Cryptocurrencies (or crypto) are a type of digital asset. If a merchant accepts cryptocurrency as a form of payment, someone can use it in the same way as cash to buy a pair of shoes or order takeout. People can also trade, invest and speculate in cryptocurrency, which is its most popular use.
In addition to enabling payments and investment opportunities, new uses for cryptos and blockchain technology are continually being explored—such as non-fungible tokens (NFTs) and decentralized finance (DeFi) projects. But understanding the fundamentals can be important for people who want to keep up with the ever-changing crypto landscape.
The history of cryptocurrency
Although precursors to crypto date back to the mid-1980s, it wasn’t until 2008, when an unidentified person, or perhaps a group of people, using the alias Satoshi Nakamoto, published a white paper laying the foundation for Bitcoin. Nakamoto’s white paper introduced the idea of a peer-to-peer electronic cash system outside the banking system. In January 2009, Nakamoto “mined,” or created, the first Bitcoin.
How cryptocurrency works
Most cryptocurrencies rely on decentralized, distributed networks that use blockchain technology, an online ledger spread among a worldwide network of computers.
With a traditional ledger, a person or organization, like a bank, records transactions. On the blockchain, no individual or entity has that responsibility.
Once someone makes a crypto transaction using a digital wallet, it's sent to a peer-to-peer network of independently run computers. These validate a user's status and verify the transaction.
Transactions on the blockchain are duplicated and spread out, and each block of data in the chain holds a set number of transactions. When a new user appears on the blockchain, a record of that transaction goes on the ledger. It’s nearly impossible to alter these transactions once they become part of the blockchain.
Each user gets a copy of every transaction to boost security. So if someone wants to corrupt the blockchain, they have to alter every single block on the chain, not just one. Every transaction is time-stamped and all records are encrypted.
Cryptocurrency mining also involves computers solving complex math equations and recording data on the blockchain. By solving these puzzles, called proof of work, the computers make the blockchain more secure.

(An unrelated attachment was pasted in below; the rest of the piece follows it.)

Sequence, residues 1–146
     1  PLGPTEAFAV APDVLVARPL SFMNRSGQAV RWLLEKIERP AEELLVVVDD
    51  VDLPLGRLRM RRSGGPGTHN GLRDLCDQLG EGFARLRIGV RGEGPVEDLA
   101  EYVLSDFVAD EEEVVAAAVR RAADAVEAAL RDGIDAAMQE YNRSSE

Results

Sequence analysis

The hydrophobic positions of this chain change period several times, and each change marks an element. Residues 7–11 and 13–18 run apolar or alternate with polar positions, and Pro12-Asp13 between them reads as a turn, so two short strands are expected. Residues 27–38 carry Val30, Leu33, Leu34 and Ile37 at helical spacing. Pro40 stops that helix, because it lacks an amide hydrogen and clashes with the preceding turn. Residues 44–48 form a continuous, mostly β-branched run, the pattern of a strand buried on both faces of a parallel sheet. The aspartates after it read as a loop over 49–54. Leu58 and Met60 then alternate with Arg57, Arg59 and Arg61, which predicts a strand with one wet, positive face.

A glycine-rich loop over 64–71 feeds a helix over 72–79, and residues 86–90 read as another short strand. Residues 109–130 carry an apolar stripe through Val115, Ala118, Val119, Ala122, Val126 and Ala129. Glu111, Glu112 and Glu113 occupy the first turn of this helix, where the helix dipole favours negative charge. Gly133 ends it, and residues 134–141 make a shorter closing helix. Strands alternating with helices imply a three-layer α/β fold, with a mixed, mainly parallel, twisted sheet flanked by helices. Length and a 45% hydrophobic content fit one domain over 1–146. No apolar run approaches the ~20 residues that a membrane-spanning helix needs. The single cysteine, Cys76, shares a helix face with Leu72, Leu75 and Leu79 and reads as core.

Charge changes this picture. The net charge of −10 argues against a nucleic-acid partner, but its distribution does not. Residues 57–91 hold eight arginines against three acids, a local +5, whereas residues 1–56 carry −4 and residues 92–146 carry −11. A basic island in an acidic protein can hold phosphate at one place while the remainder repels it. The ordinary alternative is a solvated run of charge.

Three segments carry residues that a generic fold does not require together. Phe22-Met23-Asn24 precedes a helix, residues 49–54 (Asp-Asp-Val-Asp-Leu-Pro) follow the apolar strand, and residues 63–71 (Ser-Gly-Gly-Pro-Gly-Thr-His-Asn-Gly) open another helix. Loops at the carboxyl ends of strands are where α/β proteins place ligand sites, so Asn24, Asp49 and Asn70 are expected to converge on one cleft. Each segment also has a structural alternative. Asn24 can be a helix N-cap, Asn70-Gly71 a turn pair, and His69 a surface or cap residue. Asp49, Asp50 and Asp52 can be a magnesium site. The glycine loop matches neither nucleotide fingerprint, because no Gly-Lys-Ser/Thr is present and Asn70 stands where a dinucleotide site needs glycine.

Whoever finds a solution shares their proof across the blockchain, and other miners confirm its accuracy. Once a consensus is reached, transactions are clustered into digital blocks and added to the blockchain.
Miners earn cryptocurrency in the form of tokens and a share of transaction fees.
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Types of cryptocurrency
There are many different cryptocurrencies, and among the most widely used based on market value are:
The first cryptocurrency—decentralized, peer-to-peer crypto—launched in 2009. Although it’s the oldest crypto, bitcoin’s price remains highly volatile. In 2020 alone, the price dropped below $5,000 and jumped to over $63,000 per coin.
Ethereum is similar to Bitcoin in that it runs on a blockchain, but there's a key difference: Users can program it and use it to build apps. Etheruem has persistently had the second-highest market cap of any crypto, behind Bitcoin.
Ethereum also uses smart contracts, which are essentially collections of code and data that live at a specific address (or location) on the Ethereum blockchain. These smart contracts are designed to self-execute without human intervention when certain conditions are met. They can be used for decentralized financial services, apps, and games.
A crypto developed by Ethereum co-founder Charles Hoskinson, Cardano was built on a “scientific philosophy” and dozens of peer-reviewed research papers. Cardano uses its own internal crypto, called ADA, to let users send and receive funds. It’s also a different type of blockchain technology, with the goal of being “greener” and more scalable than other platforms. As Cardano evolves, its researchers use evidence-based approaches and continue to solicit peer insights before implementing each new phase of development—including a recent update to allow smart contracts, like Ethereum. It’s currently the third-largest crypto.
According to CoinMarketCap, there are over 6,000 different types of cryptocurrencies, and more are always being created. In addition to cryptocurrencies, which rely on their own blockchain, there are also crypto tokens that are built on top of an existing blockchain. Ethereum is a popular platform, in part, because it lets users create tokens that can be used and traded like a cryptocurrency.
What is cryptocurrency used for?
You could in theory use crypto to buy goods and services, but most retailers don't accept cryptocurrency as a form of payment. And since its value fluctuates greatly, unlike dollars, its use as a medium for exchange is limited.
However, cryptocurrency is a popular investment; it's relatively easy to buy and the value of some cryptocurrencies, such as Bitcoin, have skyrocketed. That, in turn, has produced huge returns for some investors, though gyrations in the prices cost others.
Beyond its role in the financial industry, there's also buzz around the potential for cryptocurrency's other uses, and its new technology could disrupt everything from the auto industry to cargo shipping to voting.
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